we s t c o a s t Seattle & the 'Burb's

Barb Avery Broker, CRS, GRI, E-Pro, WCR, SRES Cell: 1-888-255-2272 Web: Email: RE/MAX Eastside Brokers

Covering Palm Springs Area of California Palm Springs, Rancho Mirage, Palm Desert, La Quinta, Cathedral City, Desert Hot Spring, Indio, Coachella, Bermuda Dunes and Thermal

Mike Duncan

CRS, CRB, FSP, CDPE, GRI, CEO / Broker California License #01276361 California License #01526220 51370 Avenida Bermudas Suite 6 La Quinta, Ca 92253 760-564-5678 760-262-3740 Fax 760-831-0484 Cell

we s t c o a s t


Broker Associate (#00547900) Cell: 951-970-5211 Direct: 951-461-4611


Real Estate



Duke Kimhan

(Principal Broker) (R) CRS, ABR, CRB, GRI, SRES, CDPE

Condo.Com 808-277-4677-Cell 808-447-5816-Office 808-675-5916-Fax 1888 Kalakaua Ave, Ste. #312 Honolulu, HI 96815 Making Business a Pleasure!

Please visit my Website @

Canada RESOURCES • May/June 2011

residential The

Specia li s t


to your region from more than

36,000 CRS Designees and members with an ad in the Referral Marketplace. Limited Space Available First Come, First Served Ask us about multi-issue discounts

Past Lives

Wide Open Spaces

Bonnie Dixon, CRS, Stark Company REALTORS®,

Cathy Cole, CRS, Heritage Texas Country Properties,

Sara Griffin, CRS, Tropical Realty and Investment,

John Daly, CRS, Coldwell Banker Grass Roots Realty,

Todd Smith, CRS, Fine Austin Living REALTORS®,

Michael Delaware, CRS, Troxel Realty Company,

Joe Spake, CRS, Revid Realty, joe@spake. com

Victoria Marton, CRS, RE/MAX Classic Group,

Balancing Act

Vicki Owens, CRS, Best Homes Real Estate,

Waylon Chavez, CRS, ABQ Premiere Properties,

Lean & Green

Sandy Gervais, CRS, RE/MAX West of the River,

Polly Briley, CRS, RE/MAX on the Water,

Maura Neill, CRS, the Gebhardt Group,

Debra J. Marshall, CRS, Century 21 Mountain Lifestyles, deb@debramarshall. com

Dave Robison, CRS, CRB, Robison & Company Real Estate, homes@utahdave. com

Just call Kathleen Thomas at 202.721.1497

Call Kathleen Thomas at 202.721.1497 to advertise

Bob McCranie, CRS, Texas Pride Realty,

w w w. c r s . c o m | 4 7

Ask a CRS | Advice from the country’s top Certified Residential Specialists

goal keepers Q U ESTIO N : How do you keep yourself on track to meet your goals?

IN OUR EXPERIEN C E . . . “I email myself every week with a to-do list of things I want to get done that week. I also email myself a to-do list every night for the upcoming day and a schedule. I prioritize the list so I do the most important things first. Not only does this keep me on track all day, but it forces me to brainstorm for new ideas and organize my priorities.” Paul Balzotti, CRS John L. Scott Real Estate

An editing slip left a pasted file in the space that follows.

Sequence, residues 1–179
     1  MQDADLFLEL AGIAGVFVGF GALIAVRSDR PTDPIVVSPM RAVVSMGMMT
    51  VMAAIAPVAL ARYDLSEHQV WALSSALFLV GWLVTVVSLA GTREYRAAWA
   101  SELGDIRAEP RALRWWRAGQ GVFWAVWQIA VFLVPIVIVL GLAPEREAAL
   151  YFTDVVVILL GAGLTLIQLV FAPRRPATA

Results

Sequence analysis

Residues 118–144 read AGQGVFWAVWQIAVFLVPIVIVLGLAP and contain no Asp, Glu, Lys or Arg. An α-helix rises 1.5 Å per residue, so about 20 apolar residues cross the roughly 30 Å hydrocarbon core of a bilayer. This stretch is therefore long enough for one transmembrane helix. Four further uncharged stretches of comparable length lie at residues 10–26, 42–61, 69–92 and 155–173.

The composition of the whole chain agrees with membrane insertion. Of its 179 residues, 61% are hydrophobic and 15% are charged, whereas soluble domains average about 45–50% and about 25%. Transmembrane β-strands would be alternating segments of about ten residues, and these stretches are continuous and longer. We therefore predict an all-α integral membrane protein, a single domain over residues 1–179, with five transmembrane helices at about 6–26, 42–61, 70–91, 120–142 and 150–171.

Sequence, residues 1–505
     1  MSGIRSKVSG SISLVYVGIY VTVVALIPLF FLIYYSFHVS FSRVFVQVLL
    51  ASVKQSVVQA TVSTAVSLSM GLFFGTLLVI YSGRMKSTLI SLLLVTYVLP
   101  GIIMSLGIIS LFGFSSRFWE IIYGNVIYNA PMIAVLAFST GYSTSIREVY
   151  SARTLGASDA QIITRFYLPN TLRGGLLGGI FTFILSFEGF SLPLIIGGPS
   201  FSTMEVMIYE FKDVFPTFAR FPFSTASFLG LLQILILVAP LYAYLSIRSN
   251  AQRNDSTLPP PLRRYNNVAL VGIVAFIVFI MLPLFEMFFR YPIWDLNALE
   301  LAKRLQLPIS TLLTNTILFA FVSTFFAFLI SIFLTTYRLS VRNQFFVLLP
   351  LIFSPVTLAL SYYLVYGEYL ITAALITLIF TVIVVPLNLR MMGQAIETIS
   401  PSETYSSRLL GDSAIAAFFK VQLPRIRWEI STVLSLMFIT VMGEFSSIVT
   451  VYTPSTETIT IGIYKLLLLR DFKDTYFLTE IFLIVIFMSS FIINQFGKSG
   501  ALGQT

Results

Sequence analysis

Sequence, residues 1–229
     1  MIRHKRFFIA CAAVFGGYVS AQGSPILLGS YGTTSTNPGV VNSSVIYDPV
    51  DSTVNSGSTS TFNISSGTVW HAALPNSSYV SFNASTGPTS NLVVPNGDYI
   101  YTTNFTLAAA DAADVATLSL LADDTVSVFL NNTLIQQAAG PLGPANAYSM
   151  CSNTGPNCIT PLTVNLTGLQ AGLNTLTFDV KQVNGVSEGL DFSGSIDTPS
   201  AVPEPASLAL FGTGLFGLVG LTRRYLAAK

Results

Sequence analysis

“When looking for a coach, don’t forget your managing broker. My broker is great and will meet privately with me for as little or as much as I need. A good (non-competing) broker should help you meet your goals at no additional cost.” Laura Bruno, CRS Baird & Warner Naperville, Ill.

“I just started a Monday morning mentoring group where we email our district manager [every day] with what we did that day for prospecting. It is amazing how that exercise makes me restructure my day, or wedge a five-minute phone call to a past client in between transaction management. I am hoping this will even out those peaks and valleys I experience and keep me moving steadily upward.”

Bellingham, Wash.

Cyndi Seefeldt, CRS First Weber Group REALTORS® West Bend, Wis.


Please submit real estate questions for “Ask a CRS” to Mike Fenner at

48 | May/June 2011

We’d color code the tools we offer for your business but we’d run out of colors.

Another reason why Stewart Title Company is the right choice for you. Okay, so maybe there are more colors than we have tools, but it’s close. Stewart Title has a wide variety of industry-leading products and services to meet your needs from pre-listing to post-closing. Your Stewart Title representative understands the challenges you face are constantly changing. They will work with you to ensure we consistently provide the tools you need when you need them to keep your transactions flowing smoothly and your business running profitably. Contact us for more information on the service and tools you’ll receive at Stewart Title. (888) STEWART

© 2011 Stewart.